Picture this: A historic textile mill in Eastern Massachusetts sits next to a peaceful canal in a town once known as the cradle of the American Industrial Revolution. The interior of this historic mill has been repurposed, rearranged, and rebuilt into artists’ studios. Inside one of these artists’ studios, in the year 2014, sits a woman named Liz Smith and a cat named Chester...Smith, I presume. In that studio, Brazilian jazz from the 1960’s plays on the music player. Art supplies; wool, polymer clay, and paper to name a few; are stacked floor to ceiling. Artwork made by Liz’s friends hangs on the walls. Liz, inspired mostly by color and texture, sits in her cozy studio making cute and fun items that contain a touch of elegance. Taking her inspiration from vintage items, kitchenware, and textiles from the mid century right into the 1970’s, Liz has been making pretties to sell at craft fairs since the 1980’s. It was 2007 that Liz was able to make Made in Lowell her full time job. Liz details the top three reasons folks should stop by her booth: 1) The cute! It burns! 2) Gifts for folks who sew! 3) To buy something lovely for yourself.


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A gift that keeps on giving


The rumors are true. gather here is a Bernina retailer. No longer must you beg/borrow/steal a car and drive outside of the Route 128 loop to procure your forever machine. You can test drive, compare, and talk to experts about what makes a Bernina worth every penny right here at 370 Broadway. You can also have your machine serviced, just drop it off and we'll leave it in the capable hands of Tom and Erin Daly, certified Bernina technicians. Or pick up some extra bobbins. And perhaps an invisible zipper foot to make your next garment come together with ease.

<PREVIEWEND>

If you are thinking about investing in your forever machine there are some incredible Bernina offers going on right now. Some of them are quite time sensitive. Like the Bernina 800 DL overlock. After just a couple of hours, Virginia whipped up a Linden sweatshirt and a pair of Anima pants. It took her longer to hunt for the perfect pair of classic high top Reeboks than to make her new totally awesome '80's outfit. The 800 DL is priced at $899 until December 10th. It's regularly $1,249.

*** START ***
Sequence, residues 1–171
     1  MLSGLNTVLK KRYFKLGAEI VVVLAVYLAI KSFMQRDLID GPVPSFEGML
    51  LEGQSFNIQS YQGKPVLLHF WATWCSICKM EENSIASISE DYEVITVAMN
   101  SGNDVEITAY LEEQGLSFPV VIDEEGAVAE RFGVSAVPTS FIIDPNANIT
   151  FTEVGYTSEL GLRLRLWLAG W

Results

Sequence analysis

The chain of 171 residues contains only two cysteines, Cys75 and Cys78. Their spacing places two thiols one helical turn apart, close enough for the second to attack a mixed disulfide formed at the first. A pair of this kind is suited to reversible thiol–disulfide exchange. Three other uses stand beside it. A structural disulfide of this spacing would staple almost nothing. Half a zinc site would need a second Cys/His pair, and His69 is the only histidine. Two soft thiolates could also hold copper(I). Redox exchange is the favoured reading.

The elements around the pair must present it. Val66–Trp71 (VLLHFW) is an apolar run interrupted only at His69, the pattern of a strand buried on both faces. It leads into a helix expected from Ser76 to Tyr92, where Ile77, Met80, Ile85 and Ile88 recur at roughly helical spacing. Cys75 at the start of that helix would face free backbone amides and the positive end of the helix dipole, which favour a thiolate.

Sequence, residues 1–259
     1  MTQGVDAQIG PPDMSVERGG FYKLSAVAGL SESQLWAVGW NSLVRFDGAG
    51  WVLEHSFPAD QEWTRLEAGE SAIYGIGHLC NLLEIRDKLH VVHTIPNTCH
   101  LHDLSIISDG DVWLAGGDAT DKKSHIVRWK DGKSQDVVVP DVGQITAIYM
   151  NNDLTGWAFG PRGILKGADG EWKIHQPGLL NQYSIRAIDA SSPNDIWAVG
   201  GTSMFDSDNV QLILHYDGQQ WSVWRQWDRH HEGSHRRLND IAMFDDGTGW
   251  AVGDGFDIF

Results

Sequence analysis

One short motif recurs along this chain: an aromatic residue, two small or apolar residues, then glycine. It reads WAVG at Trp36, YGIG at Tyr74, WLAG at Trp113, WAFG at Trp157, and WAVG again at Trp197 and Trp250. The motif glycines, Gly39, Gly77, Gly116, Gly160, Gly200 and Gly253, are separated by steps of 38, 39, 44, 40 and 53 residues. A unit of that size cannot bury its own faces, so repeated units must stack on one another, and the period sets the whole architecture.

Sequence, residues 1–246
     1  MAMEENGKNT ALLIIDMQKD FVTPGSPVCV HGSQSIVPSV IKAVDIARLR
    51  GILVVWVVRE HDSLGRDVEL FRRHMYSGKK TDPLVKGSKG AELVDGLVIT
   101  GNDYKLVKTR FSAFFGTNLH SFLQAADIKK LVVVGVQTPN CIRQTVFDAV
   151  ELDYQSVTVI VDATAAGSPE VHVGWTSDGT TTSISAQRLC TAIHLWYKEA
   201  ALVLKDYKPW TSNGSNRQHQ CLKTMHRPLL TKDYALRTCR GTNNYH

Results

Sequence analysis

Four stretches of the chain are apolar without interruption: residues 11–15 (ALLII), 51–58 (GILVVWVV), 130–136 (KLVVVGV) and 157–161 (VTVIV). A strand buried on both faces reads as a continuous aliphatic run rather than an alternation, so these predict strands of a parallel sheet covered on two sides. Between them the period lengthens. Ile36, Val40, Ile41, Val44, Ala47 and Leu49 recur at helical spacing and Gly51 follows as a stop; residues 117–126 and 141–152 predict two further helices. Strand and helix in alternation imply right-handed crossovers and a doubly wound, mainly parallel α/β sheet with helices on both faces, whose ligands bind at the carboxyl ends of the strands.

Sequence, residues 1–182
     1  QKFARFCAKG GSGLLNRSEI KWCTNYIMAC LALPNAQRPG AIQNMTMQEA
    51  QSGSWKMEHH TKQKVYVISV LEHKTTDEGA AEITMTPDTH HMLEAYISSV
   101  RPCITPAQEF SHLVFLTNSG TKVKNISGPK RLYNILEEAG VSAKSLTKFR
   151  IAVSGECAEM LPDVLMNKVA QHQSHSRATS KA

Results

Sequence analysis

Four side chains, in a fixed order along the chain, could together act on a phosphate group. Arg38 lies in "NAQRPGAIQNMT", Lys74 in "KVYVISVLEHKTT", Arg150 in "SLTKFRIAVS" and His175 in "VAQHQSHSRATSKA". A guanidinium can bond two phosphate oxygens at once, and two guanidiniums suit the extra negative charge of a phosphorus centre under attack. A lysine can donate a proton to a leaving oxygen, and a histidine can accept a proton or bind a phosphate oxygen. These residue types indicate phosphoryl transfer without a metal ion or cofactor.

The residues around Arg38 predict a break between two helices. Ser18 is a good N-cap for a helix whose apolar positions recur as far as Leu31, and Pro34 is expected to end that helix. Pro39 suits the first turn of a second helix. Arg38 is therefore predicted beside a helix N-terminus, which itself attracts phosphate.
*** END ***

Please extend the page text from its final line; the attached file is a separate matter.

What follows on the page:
TODAY is the last day to purchase a Bernina 530 for the incredible price of $1,999 instead of $3,099. This is a machine for the ambitious stitcher who is looking to grow into and spend a lifetime with his/her sewing machine. With a short and long-term memory, knee-lift, and 9 automatic buttonhole options, you can really explore garment construction techniques.

And if you learned to make a tote bag at gather here, you likely stitched it with a Bernina 215. This workhorse mechanical is currently $699 through December. Normally $1,199, you won't regret owning this no-fuss, durable sewing machine that you will rely on for years to come. Simple stitch selection, speed control, and needle up/down options make sewing with a 215 enjoyable.

If you still think a Bernina is out of reach, you might consider a Bernette. The Seville 4 is truly attainable at $149. Simple with just 6 utility stitches and a 4-step standard buttonhole, this Bernette is not only affordable but also versatile and reliable. Great for the beginner stitcher who isn't sure sewing will be a serious lifetime craft. 

But you can always just come in and rent some studio time and use these amazing machines at gather here. We've invested in these Swiss machines because we know there isn't anything out there we'd rather sew our wedding dress or our sweat pants on.


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Meet Team GH: Sara




Meet Sara Honeywell, Children's Sewing Program Coordinator, and we think the first person to host a birthday party at gather here. You might recognize her as a trombone playing member of a local band or two. Perhaps even seen her marching in the Honk! festival. The stars aligned and Sara was able to come aboard this fall. 

When did you start making things? My grandmother taught me how to sew by hand when I was 5 or 6, I would make outfits for my dolls - sometimes just sewing the garment on indefinitely. Luckily for them, I got better. <PREVIEWEND>

What's your favorite thing to make? I really enjoy making scarves out of fabric scraps, so it ends up a functional art piece. Usually in loud colors and patterns...plus you can add embroidery, etc. I will never buy another scarf.

What are you looking forward to the most about being a part of the gather here community? I'm going to mostly be working with small humans, and am really looking forward to helping them bring their ideas to life. Let imaginations run wild, and challenge our skill set!